Sunday, May 30, 2010

Another Beer Here!

Hi,

I'm on vacation this weekend with very limited access to a computer, but I wanted to take a moment to say this:

I'd like to buy a beer for:


Roy Halliday

Another perfect game? Within the same month? Can I just say that 2010 is turning out to be a mind-blowingly marvelous season for pitchers?

I'm a little bummed that, since I was in a boat while it happened, I didn't get to catch any of it. In fact, I still haven't seen a recap of it. It's only thanks to the wonder of Twitter and my BlackBerry that I knew about it at all.

So, nice work, Roy. This makes it the first time ever that there have been two perfect games in one season, and the 20th in history. Congratulations Phillies fans!

Thursday, May 27, 2010

Yankees at Twins: Top Ten List

Recap:
Tuesday/Wednesday -- Yankees 1 - Twins 0
Wednesday -- Yankees 3 - Twins 2
Thursday -- Yankees 2 - Twins 8

Twins drop series 1-2

Record: 27-20

~~~

I am tickled pink that the Twins were able to stick it to the Yankees on Thursday. I love it that Jason Kubel decided to spank them proper. I just wish the Twins could beat the Yankees more often. A lot more often.

I make it no secret that I hate the Yankees. Among other reasons, I believe it's my moral obligation, as a fan of a mid-market team, to do so. When the Twins are playing the Yankees, I get a little ... um, unbalanced. A typical utterance in my household during these games goes something like: "Did you finish your homework? Oh, by the way, I hate the Yankees." It gets even worse when the Twins lose.

So, I present:

The Top Ten Distasteful Things I'd Rather Do Than Watch the Yankees Beat My Team

Number Ten: Eat a KFC Double Down "Sandwich".

Number Nine: Have Dionne Warwick's song I Say a Little Prayer for You stuck in my head. For...three...days.

Number Eight: Call a balk against Mark Buehrle (and then argue with Ozzie Guillen).

Number Seven: Kiss Joe West or Phil Cuzzi on the lips.

Number Six: Have lunch with the Burger King -- creeeeepy.
Getty Images

Number Five: Stand in Staples while some random guys shout "Wow! THAT'S a low price" in my ear.

Number Four: Figure out the TV show LOST (note: I never watched a single moment).

Number Three: Date Nick Swisher (├╝ber-creeeeepy).

Number Two: Sit in this every day.
Oh wait, I already do.

And the Number One Distasteful Thing I'd Rather Do Than Watch the Yankees Beat My Team:
Play third base with a crazed squirrel on the loose.

Monday, May 24, 2010

Book Review: The Rollie Fingers Baseball Bible

Rollie Fingers and Yellowstone Ritter. The Rollie Fingers Baseball Bible. Covington, KY: Clerisy Press, 2010, 279 pp., $14.95 (cover price).

This is the second volume of Rollie Fingers’ Baseball Follies collection, and it’s every bit as good as the first book, Rollie’s Follies. (Click here for my review of that book.)

Like the first book, this one has tons of great short stories, facts, stats, history, and other fun baseball stuff presented in small, easy-to-read bits. It’s clear Mr. Fingers and Mr. Ritter love the game and its history, and they just can’t get enough of talking about it. I love how easy it is to read – it didn’t matter if I had five minutes or five hours, I would spend quality time with this book.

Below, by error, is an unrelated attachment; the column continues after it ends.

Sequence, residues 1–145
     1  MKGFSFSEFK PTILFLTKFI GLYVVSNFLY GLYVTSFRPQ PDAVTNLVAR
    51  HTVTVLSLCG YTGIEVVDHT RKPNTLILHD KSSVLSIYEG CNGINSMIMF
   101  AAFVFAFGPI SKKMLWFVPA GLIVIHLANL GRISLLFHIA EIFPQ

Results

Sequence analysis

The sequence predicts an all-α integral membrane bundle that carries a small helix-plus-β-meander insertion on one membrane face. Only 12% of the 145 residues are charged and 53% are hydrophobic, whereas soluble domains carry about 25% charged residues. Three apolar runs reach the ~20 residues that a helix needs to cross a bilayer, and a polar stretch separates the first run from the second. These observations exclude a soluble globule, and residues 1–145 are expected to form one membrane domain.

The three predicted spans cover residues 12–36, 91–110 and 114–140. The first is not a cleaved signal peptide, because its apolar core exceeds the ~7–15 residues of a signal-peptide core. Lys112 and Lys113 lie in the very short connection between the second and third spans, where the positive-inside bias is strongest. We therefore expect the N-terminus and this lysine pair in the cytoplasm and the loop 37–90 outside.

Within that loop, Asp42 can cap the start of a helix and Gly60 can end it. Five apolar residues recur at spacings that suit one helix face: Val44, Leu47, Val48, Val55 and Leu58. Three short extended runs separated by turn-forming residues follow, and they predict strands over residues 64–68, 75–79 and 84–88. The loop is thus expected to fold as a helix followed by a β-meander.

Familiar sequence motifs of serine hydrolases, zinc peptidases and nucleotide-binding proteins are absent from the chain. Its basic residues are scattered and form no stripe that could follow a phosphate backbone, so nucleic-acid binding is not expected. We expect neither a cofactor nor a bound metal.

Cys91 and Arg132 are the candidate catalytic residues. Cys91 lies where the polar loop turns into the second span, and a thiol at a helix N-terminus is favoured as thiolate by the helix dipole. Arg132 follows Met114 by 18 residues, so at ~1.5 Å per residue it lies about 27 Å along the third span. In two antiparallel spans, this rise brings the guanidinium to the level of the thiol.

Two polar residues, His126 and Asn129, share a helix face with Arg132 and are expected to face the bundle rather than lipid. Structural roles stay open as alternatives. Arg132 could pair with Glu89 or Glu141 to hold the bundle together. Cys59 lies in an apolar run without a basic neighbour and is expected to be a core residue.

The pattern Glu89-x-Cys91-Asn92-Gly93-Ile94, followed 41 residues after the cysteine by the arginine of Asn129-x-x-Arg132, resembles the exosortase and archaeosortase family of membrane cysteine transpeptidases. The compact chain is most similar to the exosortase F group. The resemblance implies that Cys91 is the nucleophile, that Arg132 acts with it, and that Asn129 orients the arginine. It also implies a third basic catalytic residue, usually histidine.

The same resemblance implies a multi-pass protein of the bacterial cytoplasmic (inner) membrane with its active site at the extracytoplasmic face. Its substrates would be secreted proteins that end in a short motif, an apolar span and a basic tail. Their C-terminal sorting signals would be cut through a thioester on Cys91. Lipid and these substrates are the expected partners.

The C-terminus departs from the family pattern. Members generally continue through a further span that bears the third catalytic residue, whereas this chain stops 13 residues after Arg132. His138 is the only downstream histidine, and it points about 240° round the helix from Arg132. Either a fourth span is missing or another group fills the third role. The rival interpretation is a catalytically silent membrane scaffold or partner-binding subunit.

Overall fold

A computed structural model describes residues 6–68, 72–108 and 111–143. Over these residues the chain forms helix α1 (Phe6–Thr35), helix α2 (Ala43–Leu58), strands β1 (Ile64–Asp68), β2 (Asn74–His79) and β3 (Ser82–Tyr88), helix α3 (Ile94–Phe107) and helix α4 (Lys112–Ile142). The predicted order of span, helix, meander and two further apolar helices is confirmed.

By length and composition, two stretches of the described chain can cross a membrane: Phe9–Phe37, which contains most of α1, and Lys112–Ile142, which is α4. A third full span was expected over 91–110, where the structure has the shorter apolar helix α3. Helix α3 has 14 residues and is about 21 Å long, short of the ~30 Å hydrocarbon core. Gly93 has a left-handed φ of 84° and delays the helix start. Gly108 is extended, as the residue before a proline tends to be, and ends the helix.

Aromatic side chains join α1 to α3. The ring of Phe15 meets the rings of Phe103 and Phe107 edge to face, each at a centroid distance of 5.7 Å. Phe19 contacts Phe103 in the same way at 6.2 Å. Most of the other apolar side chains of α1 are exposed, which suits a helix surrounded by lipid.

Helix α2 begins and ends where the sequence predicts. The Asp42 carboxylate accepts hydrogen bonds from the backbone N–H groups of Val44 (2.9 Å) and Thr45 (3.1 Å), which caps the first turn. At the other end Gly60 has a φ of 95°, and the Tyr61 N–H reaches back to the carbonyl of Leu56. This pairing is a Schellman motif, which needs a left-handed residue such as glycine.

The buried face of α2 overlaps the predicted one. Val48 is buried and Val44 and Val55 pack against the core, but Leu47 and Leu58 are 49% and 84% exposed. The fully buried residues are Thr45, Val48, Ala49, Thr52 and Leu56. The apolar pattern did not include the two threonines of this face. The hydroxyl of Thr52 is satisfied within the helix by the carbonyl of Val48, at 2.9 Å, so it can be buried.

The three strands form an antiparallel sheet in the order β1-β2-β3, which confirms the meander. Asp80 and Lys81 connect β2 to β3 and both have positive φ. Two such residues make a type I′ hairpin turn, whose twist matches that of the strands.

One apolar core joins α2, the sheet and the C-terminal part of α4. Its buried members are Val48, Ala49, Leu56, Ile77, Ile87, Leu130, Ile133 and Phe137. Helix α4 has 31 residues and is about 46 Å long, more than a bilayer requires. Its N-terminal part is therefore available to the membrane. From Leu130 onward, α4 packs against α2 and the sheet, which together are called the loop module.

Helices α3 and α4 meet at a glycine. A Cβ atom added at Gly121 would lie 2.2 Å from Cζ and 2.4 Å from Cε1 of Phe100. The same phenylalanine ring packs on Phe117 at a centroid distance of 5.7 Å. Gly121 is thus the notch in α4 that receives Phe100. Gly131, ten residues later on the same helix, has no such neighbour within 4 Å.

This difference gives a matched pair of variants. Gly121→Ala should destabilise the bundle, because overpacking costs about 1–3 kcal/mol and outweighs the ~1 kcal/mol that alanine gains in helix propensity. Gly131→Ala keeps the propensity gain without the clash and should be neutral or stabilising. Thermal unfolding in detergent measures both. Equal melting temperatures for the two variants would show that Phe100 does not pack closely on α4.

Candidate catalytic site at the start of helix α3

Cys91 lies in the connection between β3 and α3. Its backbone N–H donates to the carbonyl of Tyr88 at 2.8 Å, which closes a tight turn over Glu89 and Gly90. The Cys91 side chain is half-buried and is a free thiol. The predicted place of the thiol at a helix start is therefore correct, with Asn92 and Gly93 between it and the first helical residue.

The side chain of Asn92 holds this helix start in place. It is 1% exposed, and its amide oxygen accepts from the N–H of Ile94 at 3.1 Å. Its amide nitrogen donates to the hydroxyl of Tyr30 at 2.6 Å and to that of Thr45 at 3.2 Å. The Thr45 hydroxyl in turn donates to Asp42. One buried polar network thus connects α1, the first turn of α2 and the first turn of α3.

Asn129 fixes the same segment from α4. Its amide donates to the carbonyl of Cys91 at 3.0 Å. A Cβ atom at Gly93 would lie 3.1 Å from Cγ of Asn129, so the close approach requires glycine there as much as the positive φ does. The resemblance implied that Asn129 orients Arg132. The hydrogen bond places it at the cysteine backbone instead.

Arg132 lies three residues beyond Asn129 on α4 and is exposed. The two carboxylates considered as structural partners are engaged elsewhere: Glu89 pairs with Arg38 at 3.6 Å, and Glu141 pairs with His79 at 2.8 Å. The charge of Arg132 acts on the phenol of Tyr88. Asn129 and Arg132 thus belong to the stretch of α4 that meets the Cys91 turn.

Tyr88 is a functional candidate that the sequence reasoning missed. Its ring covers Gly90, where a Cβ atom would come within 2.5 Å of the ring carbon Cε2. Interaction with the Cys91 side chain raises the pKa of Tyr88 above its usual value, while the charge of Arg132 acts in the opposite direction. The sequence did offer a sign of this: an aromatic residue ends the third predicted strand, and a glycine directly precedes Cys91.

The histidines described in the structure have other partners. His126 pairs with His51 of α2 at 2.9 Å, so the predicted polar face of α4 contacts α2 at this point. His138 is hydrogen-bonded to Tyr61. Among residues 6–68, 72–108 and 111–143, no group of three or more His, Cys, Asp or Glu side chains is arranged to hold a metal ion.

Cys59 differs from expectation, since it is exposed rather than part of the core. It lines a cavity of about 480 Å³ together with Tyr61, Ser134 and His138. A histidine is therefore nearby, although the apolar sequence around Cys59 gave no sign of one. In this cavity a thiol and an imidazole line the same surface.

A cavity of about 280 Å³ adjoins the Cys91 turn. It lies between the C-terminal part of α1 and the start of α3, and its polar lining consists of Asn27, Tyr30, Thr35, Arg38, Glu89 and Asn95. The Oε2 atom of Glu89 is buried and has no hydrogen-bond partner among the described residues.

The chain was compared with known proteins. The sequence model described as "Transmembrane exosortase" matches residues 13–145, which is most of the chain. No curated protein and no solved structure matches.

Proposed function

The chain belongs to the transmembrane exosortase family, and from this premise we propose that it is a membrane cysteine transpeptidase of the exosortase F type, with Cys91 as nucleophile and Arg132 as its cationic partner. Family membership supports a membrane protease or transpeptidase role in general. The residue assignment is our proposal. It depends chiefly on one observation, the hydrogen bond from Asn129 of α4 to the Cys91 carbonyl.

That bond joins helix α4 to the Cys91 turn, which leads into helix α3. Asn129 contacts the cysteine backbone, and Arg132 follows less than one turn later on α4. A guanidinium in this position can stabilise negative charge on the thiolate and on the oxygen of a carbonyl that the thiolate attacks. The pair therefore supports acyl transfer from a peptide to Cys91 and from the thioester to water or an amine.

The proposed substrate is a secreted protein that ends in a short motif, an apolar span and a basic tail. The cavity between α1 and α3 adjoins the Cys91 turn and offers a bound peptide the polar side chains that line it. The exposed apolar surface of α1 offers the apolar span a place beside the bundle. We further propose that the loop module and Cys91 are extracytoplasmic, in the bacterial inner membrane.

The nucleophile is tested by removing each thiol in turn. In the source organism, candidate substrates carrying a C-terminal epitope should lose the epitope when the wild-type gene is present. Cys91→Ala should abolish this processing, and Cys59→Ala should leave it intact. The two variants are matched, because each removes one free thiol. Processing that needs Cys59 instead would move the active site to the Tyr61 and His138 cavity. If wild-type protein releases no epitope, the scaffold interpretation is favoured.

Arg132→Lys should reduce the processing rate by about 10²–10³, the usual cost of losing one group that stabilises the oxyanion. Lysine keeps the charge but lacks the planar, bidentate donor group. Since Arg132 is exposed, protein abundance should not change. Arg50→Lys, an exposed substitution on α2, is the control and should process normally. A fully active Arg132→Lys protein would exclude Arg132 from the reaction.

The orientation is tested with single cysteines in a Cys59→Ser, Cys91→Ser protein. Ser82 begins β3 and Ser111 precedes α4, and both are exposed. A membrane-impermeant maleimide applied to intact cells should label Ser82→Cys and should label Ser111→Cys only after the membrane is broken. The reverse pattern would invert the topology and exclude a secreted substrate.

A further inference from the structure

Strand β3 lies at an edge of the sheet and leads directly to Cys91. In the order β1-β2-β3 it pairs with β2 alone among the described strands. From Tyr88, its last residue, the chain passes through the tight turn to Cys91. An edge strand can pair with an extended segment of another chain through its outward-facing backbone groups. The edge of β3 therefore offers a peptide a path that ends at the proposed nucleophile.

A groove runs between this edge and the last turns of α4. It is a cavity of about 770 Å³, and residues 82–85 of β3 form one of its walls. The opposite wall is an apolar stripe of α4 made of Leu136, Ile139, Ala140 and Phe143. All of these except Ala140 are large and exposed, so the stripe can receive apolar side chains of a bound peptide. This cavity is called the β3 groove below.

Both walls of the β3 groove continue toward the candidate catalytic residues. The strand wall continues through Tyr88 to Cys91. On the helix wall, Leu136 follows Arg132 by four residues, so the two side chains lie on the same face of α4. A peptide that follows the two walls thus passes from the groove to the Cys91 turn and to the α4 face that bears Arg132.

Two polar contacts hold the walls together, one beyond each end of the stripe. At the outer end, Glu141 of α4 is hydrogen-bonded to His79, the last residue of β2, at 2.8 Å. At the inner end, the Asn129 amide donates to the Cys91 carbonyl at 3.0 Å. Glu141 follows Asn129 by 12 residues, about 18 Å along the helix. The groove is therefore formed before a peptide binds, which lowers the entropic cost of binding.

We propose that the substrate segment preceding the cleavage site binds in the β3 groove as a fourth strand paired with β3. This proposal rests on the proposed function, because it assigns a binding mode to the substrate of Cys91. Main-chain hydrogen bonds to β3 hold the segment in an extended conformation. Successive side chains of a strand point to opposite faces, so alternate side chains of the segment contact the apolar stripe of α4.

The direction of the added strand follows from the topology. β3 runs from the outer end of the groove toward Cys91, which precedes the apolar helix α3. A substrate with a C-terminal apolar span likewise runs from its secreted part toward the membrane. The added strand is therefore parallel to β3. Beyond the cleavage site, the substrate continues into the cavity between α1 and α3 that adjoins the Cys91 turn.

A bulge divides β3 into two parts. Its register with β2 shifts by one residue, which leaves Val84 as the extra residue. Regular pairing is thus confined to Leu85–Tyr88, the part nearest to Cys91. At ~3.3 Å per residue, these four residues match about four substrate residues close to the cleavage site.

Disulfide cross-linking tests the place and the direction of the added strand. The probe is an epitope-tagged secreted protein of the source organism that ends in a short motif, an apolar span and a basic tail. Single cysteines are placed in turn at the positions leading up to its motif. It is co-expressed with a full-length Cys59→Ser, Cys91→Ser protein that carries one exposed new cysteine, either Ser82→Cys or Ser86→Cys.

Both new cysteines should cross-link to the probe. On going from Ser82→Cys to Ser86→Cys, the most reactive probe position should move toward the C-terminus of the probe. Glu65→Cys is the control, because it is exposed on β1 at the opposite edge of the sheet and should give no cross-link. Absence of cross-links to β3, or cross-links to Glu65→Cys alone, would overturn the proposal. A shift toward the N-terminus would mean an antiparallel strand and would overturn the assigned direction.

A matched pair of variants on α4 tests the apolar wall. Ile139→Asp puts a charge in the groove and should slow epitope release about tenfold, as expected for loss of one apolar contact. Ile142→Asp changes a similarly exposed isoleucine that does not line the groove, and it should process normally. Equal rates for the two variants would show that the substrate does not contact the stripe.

Fingers is fantastic at weaving fascinating tidbits into every piece or finding interesting common threads between seemingly unrelated topics. Everything about it is intriguing - even the stats read like a good story. I love all the historical pieces; I really learned a lot of great stuff. And Ritter’s “drunken rants” are hilarious, if not totally logical. All the chapters feature a lot of humor, fun, and positivity so that I found myself smiling as I was reading.

Again, I thoroughly enjoyed this book, and I highly recommend it. Another “A” effort.

I didn’t see anything about another book coming. I sure hope there is one; there are so many more great baseball stories I want to learn.

Oh, and if you happen to pick it up, be sure to flip it over and look at the back cover. You’ll see a quote from someone you know.

Sunday, May 23, 2010

Brewers at Twins: Stranded

Recap:
Friday -- Brewers 3 - Twins 15
Saturday -- Brewers 7 - Twins 8 (12)
Sunday -- Brewers 4 - Twins 3

Twins take series 2 - 1
Record: 26 - 18

~~~

I don't feel too bad that the Twins didn't sweep the Brewers. In fact, my son's buddy, who is a Brewers fan, sweetly asked me if it would be ok if they could just have one eensy weensy little win. He's such a cute sweet-talker, I don't see how I could resist. So, I guess today's loss is on me.

Although, it didn't have to be that way. And Saturday's game didn't have to be so long either. You know I love this team. It's great. We've got hitters -- Justin Morneau is leading the league in hitting and a whole bunch of other good stuff. We've got pretty good pitchers -- sure the bullpen kind of blew up on Saturday, but by and large they're not too bad. Overall, there's not too much to complain about.

But if there was one little thing I could change, it would be the men-left-on-base thing.

Friday: 8 LOB (ok, I'm not gonna complain too much when the runs outnumber the LOBs)
Saturday: 17 LOB
Sunday: 14 LOB